Noel T. Keen
Distinguished Professor of Plant Pathology
Noel T. Keen passed away at his home on April 28, 2002, from the effects of leukemia. Noel was born in Marshalltown, Iowa on August 13, 1940, where he was raised on a farm and attended a small rural school. Much of his folksy manner and self-deprecating personality was probably a result of this upbringing in rural, middle America. Noel was intrigued by science from the beginning of his school days and he spent much of his free time hanging around the science labs.
Noel arrived in Riverside in 1968 after receiving a B.S. in botany and an M.S. in plant pathology at Iowa State University, followed by his Ph.D. in plant pathology from the University of Wisconsin. He hit the ground running at UCR. The graduate curriculum was in the periodic process of evaluation. He reorganized the department’s graduate course in physiology of plant disease bringing it up to date and obtaining excellent reviews from students and faculty. He continued to teach this course throughout his career.
From the beginning, Noel was interested in the chemical and biochemical characterization of the host-parasite interaction. His early contributions were in characterizing the toxic complex produced by Verticillium albo-atrum, which was responsible for the wilting symptoms in cotton, and in characterizing an endopolygalacturonase from the fungus. He entered the Phytoalexin field with his work on the phytoalexin from soybeans induced by Phytophthora megasperma var. sojae. This became a major theme of his research. He was the first to coin the term “elicitor” for the chemicals that are produced by a pathogen and recognized by the host resulting in the initiating of host defense responses, such as the production of phytoalexins.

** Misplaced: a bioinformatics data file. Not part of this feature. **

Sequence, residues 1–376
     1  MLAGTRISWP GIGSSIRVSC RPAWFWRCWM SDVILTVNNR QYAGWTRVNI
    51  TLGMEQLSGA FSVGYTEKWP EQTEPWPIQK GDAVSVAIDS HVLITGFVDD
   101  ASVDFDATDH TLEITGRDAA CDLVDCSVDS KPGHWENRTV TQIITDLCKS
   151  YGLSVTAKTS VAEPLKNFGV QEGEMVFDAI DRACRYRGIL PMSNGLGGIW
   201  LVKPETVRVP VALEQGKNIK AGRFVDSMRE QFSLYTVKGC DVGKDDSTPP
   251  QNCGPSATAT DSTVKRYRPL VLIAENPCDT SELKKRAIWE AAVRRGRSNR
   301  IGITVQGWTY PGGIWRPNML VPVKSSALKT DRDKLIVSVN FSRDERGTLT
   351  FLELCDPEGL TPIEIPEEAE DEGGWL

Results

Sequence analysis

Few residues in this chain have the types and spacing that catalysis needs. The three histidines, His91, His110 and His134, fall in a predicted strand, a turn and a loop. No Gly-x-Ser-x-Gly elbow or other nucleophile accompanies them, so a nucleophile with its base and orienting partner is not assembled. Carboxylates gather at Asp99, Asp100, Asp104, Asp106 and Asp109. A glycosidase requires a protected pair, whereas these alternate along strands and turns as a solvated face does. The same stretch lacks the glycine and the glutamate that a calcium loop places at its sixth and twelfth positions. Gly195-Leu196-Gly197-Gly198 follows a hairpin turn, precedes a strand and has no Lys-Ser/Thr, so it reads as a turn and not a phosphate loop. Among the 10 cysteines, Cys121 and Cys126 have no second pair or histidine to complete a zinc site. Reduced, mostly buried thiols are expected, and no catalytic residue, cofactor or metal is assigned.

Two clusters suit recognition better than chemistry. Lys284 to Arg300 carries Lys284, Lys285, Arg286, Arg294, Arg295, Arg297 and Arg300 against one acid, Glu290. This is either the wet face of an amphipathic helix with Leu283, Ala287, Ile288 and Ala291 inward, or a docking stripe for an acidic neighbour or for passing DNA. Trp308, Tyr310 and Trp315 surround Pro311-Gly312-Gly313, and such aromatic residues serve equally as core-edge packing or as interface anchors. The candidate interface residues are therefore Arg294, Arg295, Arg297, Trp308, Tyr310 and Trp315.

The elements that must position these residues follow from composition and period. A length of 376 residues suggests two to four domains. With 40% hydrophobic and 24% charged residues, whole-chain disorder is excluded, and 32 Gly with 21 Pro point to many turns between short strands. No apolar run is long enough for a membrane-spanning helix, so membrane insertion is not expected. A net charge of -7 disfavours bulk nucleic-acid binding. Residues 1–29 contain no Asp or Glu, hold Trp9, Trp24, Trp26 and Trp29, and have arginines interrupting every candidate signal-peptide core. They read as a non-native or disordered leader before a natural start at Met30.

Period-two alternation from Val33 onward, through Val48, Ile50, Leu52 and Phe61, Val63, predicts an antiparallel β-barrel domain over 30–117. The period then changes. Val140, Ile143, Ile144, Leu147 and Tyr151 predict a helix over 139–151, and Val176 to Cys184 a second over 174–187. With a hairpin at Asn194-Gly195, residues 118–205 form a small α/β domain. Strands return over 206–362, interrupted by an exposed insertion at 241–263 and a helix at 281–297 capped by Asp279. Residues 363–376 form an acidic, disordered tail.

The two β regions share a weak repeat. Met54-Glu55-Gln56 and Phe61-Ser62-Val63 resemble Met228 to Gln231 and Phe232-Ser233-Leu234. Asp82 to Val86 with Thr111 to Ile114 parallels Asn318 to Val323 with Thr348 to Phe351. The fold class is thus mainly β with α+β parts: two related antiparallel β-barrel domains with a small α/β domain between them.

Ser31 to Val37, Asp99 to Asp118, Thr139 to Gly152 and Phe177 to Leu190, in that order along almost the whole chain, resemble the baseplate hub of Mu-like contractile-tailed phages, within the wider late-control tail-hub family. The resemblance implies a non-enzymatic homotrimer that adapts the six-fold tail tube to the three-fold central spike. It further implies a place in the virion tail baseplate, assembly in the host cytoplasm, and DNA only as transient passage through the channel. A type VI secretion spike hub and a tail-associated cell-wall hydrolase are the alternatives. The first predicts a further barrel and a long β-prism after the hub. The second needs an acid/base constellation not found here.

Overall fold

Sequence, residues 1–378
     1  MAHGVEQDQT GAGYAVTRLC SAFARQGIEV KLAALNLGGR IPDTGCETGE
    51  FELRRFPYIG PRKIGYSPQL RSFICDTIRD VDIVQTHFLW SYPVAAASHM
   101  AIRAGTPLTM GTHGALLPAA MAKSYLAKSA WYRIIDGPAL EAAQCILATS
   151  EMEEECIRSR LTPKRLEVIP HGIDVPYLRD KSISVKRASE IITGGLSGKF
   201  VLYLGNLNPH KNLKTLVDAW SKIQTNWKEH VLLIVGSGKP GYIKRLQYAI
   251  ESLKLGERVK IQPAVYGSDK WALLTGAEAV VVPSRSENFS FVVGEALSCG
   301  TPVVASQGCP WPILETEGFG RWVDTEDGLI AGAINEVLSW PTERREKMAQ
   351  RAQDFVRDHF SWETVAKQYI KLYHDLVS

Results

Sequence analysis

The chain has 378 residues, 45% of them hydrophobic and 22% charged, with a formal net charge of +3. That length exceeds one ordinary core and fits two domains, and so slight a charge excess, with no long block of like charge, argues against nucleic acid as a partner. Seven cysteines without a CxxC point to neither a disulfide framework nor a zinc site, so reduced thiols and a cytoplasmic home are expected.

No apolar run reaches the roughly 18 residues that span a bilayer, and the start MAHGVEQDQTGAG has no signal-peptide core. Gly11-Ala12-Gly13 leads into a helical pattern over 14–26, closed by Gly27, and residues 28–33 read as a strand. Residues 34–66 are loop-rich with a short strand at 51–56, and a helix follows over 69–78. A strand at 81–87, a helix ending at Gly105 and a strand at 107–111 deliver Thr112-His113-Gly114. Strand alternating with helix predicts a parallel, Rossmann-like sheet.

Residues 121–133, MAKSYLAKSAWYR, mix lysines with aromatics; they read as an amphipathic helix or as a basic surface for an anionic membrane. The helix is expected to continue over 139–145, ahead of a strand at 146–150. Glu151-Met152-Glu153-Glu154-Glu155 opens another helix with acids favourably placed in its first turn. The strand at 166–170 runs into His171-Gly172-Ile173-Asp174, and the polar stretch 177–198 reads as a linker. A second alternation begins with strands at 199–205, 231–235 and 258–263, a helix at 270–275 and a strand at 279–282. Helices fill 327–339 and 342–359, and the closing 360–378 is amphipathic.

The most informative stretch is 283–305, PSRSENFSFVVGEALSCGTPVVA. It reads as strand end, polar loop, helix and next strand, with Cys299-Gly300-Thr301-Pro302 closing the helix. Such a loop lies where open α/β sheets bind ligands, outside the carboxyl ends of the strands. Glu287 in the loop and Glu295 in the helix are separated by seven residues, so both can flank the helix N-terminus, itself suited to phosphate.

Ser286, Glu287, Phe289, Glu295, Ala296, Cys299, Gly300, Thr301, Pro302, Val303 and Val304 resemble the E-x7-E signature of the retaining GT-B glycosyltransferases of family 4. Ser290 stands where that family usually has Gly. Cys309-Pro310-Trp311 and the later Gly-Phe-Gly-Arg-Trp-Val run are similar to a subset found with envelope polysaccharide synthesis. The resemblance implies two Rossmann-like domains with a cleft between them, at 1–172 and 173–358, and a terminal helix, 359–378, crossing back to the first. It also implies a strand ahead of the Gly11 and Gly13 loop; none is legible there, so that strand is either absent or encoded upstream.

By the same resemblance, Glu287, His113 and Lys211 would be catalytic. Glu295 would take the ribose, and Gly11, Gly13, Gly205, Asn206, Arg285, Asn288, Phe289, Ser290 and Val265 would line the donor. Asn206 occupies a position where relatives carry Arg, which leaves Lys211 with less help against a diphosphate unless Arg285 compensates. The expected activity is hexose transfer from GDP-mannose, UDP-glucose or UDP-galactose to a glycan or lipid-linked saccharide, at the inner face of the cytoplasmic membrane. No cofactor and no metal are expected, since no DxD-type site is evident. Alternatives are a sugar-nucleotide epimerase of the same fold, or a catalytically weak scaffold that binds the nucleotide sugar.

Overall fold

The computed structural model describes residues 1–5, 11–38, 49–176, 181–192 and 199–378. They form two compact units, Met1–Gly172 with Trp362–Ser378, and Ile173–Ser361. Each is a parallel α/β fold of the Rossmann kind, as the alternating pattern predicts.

When he was thwarted in his quest to biochemically characterize the gene-for-gene hypothesis in soybean by the complex genetics of Phytophthora megasperma var. sojae, he switched to another system where he could utilize the genetics of the bacterial pathogen of soybean, Pseudomonas glycinia. This was an example of Noel’s ability to keep at the forefront of developing fields. He was one of the few early pioneers of application of molecular biology to plant science in the College of Natural and Agricultural Sciences at UCR. His switch to the bacterial pathogen opened the door to the newly developing techniques of molecular biology and led to his characterization of the single gene involved in the production of the elicitors from Pseudomonas syringae pv tomato, unprecedented secondary metabolites, the syringolides. The syringolides are responsible for the hypersensitive response of soybeans carrying the resistance gene, Rpg4. His work with another bacterial pathogen, Erwinia chrysanthemi, led to the cloning of its pectate lyase genes and their insertion into E. coli thus converting a non-pathogen into a soft-rotting plant pathogen. Further collaborative work with X-ray crystallographers led to a discovery that the pectate lyase structure contained a new folding of the protein, the first discovered since the description of the alpha-helix and beta-sheets. The unique tertiary structure discovery has again opened new doors to the study of the active site of these enzymes and led to the finding by others of the generality of the new folding termed the “parallel beta-helix.” The genomic sequencing and functional genomics work on Erwinia chrysanthemi that he initiated recently will be continued at UCR while his students finish their degrees, so we can look forward to additional contributions from Noel's program for several years to come.